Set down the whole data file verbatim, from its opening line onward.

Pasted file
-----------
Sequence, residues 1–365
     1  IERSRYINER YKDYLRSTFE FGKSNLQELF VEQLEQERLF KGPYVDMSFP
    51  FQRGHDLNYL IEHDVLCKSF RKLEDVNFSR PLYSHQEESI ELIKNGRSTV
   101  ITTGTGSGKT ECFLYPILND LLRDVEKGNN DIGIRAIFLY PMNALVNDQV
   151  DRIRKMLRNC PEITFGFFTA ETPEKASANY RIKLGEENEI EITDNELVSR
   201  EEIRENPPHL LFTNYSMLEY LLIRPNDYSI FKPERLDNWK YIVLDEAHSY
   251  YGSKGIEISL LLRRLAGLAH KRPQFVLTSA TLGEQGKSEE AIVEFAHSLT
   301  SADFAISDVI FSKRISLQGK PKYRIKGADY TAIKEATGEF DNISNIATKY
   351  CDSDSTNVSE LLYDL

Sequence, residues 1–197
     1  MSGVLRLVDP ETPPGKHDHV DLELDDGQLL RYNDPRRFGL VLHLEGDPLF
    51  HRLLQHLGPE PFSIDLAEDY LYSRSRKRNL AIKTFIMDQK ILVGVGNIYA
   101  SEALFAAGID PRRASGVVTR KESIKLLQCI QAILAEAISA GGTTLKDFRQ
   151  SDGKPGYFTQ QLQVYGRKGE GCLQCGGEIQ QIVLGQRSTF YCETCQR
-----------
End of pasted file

Sequence, residues 1–365
     1  IERSRYINER YKDYLRSTFE FGKSNLQELF VEQLEQERLF KGPYVDMSFP
    51  FQRGHDLNYL IEHDVLCKSF RKLEDVNFSR PLYSHQEESI ELIKNGRSTV
   101  ITTGTGSGKT ECFLYPILND LLRDVEKGNN DIGIRAIFLY PMNALVNDQV
   151  DRIRKMLRNC PEITFGFFTA ETPEKASANY RIKLGEENEI EITDNELVSR
   201  EEIRENPPHL LFTNYSMLEY LLIRPNDYSI FKPERLDNWK YIVLDEAHSY
   251  YGSKGIEISL LLRRLAGLAH KRPQFVLTSA TLGEQGKSEE AIVEFAHSLT
   301  SADFAISDVI FSKRISLQGK PKYRIKGADY TAIKEATGEF DNISNIATKY
   351  CDSDSTNVSE LLYDL

Sequence, residues 1–197
     1  MSGVLRLVDP ETPPGKHDHV DLELDDGQLL RYNDPRRFGL VLHLEGDPLF
    51  HRLLQHLGPE PFSIDLAEDY LYSRSRKRNL AIKTFIMDQK ILVGVGNIYA
   101  SEALFAAGID PRRASGVVTR KESIKLLQCI QAILAEAISA GGTTLKDFRQ
   151  SDGKPGYFTQ QLQVYGRKGE GCLQCGGEIQ QIVLGQRSTF YCETCQR